Red Corner Asia
5267 Hollywood Blvd.
Los Angeles, CA 90027
(323)466-6722
www.redcornerasia.com

10 comments:

Bandini said...

hey pam

did you wear your pad thai shirt?

jackt said...

haha pretty funny review! fyi thai style sukiyaki is actually a pretty common dish for thais. most of the thai restaurants in l.a. serve it and the places in thailand are everywhere. it's not really a westernized/yuppiefied/styleized/l.a.-ized dish.

Kirk said...

Hey Pam - Too funny - I'm glad you tried Papaya Salad, it's really great stuff - though you've got to watch that crab - sometimes it can be really bad!

Daily Gluttony said...

Bandini,

No, but next time I should change the shirt to say "I like DRIER Pad Thai" and see what happens!

JackT,

Oh! I never knew that Thai Sukiyaki was a traditional dish! It sounds good, maybe I will have to try it next time!

Kirk,

I can see how the crab can be bad if it's not fresh. But is it as bad as yellow papaya??? LOL!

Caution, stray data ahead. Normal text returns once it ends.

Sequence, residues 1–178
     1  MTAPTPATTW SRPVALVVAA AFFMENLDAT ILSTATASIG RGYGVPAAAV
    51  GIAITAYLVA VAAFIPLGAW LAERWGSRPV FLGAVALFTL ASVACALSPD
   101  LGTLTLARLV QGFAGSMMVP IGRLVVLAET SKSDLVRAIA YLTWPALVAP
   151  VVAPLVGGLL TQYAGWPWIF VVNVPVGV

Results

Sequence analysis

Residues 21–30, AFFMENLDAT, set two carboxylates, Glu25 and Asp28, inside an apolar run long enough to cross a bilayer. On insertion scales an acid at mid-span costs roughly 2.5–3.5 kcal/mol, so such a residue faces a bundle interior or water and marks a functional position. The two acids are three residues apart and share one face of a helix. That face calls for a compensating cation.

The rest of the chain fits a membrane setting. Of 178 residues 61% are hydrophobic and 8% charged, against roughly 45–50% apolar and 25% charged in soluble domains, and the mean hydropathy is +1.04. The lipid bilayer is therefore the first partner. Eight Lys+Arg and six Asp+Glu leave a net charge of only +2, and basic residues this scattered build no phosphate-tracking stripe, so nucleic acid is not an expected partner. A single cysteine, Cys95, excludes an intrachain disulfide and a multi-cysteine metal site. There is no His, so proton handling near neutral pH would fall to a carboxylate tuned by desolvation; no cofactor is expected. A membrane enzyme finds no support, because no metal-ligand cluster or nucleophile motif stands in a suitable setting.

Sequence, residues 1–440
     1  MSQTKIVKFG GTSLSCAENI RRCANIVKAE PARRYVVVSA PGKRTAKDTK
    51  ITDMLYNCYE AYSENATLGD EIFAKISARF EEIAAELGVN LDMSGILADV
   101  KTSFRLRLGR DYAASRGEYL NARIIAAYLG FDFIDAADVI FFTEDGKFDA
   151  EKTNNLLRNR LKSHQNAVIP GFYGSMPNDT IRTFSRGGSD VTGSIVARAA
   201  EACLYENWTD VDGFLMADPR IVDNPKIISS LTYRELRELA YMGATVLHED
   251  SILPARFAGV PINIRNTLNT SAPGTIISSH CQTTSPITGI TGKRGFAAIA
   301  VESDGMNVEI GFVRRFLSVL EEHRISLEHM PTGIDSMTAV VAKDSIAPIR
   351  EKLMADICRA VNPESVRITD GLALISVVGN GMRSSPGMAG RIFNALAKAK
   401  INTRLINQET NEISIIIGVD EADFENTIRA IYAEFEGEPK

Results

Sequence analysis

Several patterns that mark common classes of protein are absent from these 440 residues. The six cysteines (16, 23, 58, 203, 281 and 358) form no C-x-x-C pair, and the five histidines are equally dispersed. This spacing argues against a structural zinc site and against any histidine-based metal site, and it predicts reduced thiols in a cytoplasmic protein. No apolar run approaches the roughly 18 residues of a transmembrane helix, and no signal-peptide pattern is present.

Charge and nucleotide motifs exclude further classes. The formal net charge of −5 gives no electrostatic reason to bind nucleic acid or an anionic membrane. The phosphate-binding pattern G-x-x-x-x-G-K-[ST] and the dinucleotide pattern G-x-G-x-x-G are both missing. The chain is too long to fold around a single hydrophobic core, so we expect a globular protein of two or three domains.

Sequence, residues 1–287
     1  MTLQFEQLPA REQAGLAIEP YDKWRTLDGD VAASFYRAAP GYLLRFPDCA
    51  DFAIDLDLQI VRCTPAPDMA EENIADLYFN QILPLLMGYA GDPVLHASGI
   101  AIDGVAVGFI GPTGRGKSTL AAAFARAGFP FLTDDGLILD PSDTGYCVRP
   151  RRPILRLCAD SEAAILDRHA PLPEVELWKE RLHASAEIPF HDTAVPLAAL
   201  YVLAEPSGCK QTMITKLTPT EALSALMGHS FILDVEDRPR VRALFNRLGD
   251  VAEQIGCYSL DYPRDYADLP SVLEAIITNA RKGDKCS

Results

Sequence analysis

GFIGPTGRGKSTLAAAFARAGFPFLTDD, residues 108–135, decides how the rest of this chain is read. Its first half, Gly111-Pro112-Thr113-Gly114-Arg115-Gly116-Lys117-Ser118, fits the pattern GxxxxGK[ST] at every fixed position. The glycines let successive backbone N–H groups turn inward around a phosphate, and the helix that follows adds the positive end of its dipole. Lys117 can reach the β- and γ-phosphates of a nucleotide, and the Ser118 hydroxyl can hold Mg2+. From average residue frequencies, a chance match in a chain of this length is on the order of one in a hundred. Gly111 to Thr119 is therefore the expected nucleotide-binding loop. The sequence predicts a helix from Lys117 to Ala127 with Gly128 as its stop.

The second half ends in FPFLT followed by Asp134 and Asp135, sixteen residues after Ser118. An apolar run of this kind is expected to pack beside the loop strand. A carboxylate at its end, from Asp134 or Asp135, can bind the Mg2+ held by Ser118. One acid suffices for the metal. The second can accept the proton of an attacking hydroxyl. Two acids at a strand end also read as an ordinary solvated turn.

allison said...

i hate yellow papaya, too! it always busted me up that in Cuba they don't call it papaya (although they do in other spanish speaking countries) because that is the slang term for female genitalia. so instead they called it fruta bomba. anyways, i love your blog even though i've never commented before.

jackt said...

[quote]JackT,

Oh! I never knew that Thai Sukiyaki was a traditional dish! It sounds good, maybe I will have to try it next time![/quote]

yeah, in bangkok it's a hot pot setup (like the chinese hot pot places in monterey park). but the thai version has a spicy garlicy red sauce that you mix in with the soup. at the typical thai restaurants that don't do the hot pot setup it's either a noodle soup or a dry stir fried version (cellophane noodles, veggies, meat, etc.), with the red sauce on the side. i think there's a restaurant that does the hot pot setup in that shopping center on del mar and garvey in monterey park.

Christine D. said...

I guess that's why the movie's called "Scent of Green Papaya." If it were "Scent of Yellow Papaya," then people wouldn't watch it because it stinks. (haha...wa wa wahhh...lame joke!). Glad you liked green papaya! I love the texture of it. There's also the vietnamese green papaya salad to try. yummm!